SMV Wheels — Asset Ownership for Rickshaw Drivers in India
The following case study demonstrates how grant capital can be used to help prepare an impact-first investment to become investment ready.
Naveen Krishna’s uncle was a rickshaw driver for a while and used to share his experience about this community when Naveen was growing up. This was the underlying impetus for Naveen to create a business to empower rickshaw drivers and street vendors to own their own rickshaws and carts in order to improve their own lives. Today, his company, SMV Wheels, provides both modern and traditional cycle rickshaws and carts in combination with vocational and marketing support to lower caste men in India, enabling them to gain security, stability, and economic mobility.
A rocky start leads to a powerful network of support. Previously, Naveen was part of a nonprofit organization that used a grantbased model to serve this constituency of rickshaw drivers. As an employee, he was selected to attend Dasra Social Impact (DSI), an India-based program helping scale promising nonprofits and social businesses to positively impact thousands of lives. To do this, DSI selects social entrepreneurs to join peer cohorts to learn from each other and industry experts. As part of the DSI program, Naveen won the Village Capital program’s competition—a program that uses the power of peer support to build social enterprises and awards investment capital to a peer-selected enterprise. When he returned to work, his boss informed him that the nonprofit had different plans for the investment capital than Naveen believed were prudent. When Naveen questioned him, he was fired.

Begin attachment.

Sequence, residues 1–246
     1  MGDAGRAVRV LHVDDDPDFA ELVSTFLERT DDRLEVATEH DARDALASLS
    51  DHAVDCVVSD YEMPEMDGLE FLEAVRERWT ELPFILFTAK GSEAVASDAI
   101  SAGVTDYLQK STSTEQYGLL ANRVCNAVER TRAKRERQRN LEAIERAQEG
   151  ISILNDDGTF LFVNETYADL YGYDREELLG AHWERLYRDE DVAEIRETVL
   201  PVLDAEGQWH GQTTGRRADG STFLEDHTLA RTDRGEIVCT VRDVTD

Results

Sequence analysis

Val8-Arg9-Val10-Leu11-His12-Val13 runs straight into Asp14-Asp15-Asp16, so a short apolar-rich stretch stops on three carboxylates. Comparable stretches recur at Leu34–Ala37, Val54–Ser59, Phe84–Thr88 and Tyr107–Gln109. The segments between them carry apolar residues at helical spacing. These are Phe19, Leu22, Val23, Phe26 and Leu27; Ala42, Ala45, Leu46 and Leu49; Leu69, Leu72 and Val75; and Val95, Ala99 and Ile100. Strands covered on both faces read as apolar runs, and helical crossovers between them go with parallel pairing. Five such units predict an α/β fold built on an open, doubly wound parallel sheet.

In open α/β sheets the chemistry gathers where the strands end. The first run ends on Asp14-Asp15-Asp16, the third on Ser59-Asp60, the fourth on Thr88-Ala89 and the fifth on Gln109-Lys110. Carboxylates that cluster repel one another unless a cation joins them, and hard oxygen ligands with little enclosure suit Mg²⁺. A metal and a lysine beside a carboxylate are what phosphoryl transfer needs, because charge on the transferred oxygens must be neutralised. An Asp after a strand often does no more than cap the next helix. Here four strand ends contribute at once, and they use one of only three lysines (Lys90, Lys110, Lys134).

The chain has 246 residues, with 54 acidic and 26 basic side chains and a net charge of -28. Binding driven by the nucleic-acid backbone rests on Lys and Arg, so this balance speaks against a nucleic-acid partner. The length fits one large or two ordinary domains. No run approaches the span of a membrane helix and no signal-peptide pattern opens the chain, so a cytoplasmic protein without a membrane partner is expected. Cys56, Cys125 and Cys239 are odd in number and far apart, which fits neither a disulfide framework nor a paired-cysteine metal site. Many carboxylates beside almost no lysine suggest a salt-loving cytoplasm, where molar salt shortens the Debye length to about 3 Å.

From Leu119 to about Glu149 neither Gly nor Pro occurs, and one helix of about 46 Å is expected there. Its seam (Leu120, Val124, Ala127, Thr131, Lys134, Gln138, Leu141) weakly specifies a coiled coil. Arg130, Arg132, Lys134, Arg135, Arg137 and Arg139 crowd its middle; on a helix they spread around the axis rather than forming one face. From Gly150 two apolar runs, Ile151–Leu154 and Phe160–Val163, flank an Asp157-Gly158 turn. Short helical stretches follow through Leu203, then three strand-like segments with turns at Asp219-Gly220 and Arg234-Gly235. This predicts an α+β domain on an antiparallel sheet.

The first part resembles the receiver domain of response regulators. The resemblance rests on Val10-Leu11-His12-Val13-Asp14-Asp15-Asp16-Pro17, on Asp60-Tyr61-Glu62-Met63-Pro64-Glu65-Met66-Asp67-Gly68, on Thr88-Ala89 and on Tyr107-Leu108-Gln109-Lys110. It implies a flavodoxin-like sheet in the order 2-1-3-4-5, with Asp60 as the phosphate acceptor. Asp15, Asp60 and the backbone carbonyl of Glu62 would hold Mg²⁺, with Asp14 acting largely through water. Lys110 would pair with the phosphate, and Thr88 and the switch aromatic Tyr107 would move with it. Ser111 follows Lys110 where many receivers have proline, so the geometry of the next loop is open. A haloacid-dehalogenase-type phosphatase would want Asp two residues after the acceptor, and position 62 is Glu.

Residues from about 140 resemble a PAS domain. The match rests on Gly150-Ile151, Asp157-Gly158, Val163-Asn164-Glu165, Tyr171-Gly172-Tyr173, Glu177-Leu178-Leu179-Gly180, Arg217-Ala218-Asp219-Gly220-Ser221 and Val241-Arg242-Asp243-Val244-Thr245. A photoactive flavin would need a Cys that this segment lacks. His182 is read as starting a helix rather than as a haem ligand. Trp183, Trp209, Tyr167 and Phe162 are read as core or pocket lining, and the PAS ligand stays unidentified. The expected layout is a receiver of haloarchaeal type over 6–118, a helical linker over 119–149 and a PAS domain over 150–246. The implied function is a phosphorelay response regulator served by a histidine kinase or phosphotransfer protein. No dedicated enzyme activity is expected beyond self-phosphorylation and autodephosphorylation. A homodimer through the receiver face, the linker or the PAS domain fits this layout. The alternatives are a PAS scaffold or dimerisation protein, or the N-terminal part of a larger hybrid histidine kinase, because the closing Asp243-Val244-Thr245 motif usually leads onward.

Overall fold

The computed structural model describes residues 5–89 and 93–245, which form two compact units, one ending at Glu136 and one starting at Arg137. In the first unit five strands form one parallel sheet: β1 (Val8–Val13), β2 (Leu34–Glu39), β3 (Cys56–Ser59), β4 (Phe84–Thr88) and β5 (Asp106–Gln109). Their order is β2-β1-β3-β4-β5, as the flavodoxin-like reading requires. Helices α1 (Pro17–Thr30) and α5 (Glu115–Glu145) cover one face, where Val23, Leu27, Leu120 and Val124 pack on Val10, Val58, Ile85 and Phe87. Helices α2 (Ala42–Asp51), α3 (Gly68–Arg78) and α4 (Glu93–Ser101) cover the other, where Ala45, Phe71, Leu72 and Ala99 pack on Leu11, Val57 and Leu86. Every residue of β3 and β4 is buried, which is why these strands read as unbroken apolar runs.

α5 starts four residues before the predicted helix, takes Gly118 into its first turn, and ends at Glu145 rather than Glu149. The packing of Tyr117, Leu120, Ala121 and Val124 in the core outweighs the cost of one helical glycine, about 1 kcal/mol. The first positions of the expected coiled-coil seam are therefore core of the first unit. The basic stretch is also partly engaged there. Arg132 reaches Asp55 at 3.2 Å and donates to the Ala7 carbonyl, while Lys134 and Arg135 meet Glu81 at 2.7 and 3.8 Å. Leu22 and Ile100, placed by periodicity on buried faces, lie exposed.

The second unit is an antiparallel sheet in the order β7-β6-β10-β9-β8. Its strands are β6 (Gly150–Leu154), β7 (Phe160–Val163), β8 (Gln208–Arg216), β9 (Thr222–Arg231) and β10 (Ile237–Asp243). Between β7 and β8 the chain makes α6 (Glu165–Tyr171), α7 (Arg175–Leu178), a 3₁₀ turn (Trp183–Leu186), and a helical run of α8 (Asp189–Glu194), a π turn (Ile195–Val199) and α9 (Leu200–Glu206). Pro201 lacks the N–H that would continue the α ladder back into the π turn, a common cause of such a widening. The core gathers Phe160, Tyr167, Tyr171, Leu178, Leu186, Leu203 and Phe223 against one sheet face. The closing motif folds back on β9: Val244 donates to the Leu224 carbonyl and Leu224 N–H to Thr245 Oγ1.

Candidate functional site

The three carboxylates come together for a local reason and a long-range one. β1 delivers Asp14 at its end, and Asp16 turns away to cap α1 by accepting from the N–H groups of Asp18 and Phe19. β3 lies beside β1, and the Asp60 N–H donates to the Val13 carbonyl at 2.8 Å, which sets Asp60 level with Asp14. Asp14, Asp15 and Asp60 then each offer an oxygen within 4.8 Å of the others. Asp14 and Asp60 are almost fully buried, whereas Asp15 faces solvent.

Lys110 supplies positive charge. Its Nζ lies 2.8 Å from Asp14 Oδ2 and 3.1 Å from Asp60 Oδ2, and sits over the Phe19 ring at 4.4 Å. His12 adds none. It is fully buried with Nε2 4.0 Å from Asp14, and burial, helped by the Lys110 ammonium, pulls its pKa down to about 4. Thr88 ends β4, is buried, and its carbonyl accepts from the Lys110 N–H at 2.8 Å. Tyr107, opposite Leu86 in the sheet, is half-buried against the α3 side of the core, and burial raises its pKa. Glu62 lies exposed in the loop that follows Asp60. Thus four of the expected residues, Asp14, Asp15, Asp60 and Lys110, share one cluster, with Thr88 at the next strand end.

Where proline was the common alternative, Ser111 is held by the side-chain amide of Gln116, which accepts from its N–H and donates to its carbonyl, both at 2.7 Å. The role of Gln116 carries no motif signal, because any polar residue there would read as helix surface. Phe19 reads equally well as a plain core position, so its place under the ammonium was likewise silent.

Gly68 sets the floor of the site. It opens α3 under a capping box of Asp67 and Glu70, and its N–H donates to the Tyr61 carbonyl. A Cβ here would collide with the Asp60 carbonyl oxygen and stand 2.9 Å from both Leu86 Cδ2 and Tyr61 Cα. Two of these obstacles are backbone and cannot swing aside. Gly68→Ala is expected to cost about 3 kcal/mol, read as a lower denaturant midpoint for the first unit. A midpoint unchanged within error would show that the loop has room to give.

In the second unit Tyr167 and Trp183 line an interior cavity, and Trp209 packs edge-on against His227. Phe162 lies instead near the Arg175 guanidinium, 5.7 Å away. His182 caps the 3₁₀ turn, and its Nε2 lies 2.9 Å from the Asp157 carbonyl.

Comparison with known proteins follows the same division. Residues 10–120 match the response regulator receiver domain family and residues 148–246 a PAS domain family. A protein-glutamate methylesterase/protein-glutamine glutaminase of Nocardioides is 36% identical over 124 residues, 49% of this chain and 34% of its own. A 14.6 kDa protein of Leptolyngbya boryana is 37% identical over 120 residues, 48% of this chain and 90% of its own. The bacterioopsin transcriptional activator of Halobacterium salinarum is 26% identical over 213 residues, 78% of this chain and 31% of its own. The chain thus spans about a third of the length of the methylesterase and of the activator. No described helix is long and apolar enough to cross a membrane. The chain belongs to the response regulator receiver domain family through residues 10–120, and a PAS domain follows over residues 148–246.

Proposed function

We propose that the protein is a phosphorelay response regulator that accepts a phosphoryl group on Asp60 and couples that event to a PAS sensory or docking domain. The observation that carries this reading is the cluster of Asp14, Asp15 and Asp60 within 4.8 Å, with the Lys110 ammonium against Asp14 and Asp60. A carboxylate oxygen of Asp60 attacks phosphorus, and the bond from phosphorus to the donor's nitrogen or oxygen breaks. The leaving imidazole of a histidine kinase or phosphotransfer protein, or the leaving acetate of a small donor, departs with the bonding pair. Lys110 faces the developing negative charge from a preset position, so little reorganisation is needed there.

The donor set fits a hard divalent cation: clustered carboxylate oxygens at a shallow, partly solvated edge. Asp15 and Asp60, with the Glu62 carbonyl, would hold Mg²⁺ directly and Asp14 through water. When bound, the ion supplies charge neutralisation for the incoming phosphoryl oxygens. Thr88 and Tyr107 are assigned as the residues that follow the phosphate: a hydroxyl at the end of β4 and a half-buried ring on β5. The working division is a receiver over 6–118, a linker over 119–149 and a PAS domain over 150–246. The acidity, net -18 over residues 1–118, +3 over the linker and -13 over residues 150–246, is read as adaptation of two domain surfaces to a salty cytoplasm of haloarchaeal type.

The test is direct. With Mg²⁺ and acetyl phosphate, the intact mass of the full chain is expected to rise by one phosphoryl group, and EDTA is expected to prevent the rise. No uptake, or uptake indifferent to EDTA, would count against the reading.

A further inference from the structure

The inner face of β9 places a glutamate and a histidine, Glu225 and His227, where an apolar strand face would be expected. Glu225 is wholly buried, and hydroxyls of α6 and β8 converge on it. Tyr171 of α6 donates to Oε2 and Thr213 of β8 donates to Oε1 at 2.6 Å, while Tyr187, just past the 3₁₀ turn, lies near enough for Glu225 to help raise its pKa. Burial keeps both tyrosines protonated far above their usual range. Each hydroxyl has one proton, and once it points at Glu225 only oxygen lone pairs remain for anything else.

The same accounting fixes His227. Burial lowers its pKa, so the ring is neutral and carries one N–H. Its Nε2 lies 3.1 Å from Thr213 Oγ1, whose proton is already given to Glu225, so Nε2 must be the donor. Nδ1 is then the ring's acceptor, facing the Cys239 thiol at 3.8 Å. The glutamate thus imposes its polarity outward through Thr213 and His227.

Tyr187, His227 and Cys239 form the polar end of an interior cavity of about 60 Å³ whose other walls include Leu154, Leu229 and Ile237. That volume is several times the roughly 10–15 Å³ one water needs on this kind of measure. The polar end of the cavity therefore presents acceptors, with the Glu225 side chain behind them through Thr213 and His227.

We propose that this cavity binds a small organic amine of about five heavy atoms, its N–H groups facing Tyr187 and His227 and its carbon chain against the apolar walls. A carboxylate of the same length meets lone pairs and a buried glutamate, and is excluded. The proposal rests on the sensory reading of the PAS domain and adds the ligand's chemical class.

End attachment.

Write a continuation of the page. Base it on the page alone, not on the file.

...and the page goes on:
Luckily, one of the investors he had met through this process, Toniic member Bob Pattillo, saw potential in Naveen’s idea and gave him a small personal loan of $2,000. Using that capital, Naveen went back through the DSI program in order to develop a new for-profit business targeting the same market, and he won the competition again. Following that experience, he applied for many awards for social entrepreneurs in India and internationally, through organizations like Sankalp and UnLtd India, and won more grant seed capital for his fledging enterprise.
To further develop his business plan, UnLtd India and DSI worked with Naveen. Again, Naveen used his network to solicit their review and comments on the evolving business plan and financial model.
Navigating the road of investors. Unfortunately, despite his initial success, the bumpiest part of the road was still ahead. After winning the Village Capital competition, he received an aggressive equity term sheet from some Indian angel investors in March of 2011. Leveraging the network he was able to build while at DSI, he received pro-bono advice from a former JP Morgan and hedge fund manager and several other impact investors (many of whom were from the Toniic network) who advised him not to take the terms of the deal. Then, in parallel, two groups within Toniic approached Naveen with two very different investment proposals. Once again, Naveen tapped into his DSI network. Aligning the impact intent of both investor groups, Naveen, with the help of one of the Toniic investors, Lisa Kleissner, was able to bring the two groups together, right size the capital raise and execute terms that were appropriate for the size and stage of the enterprise.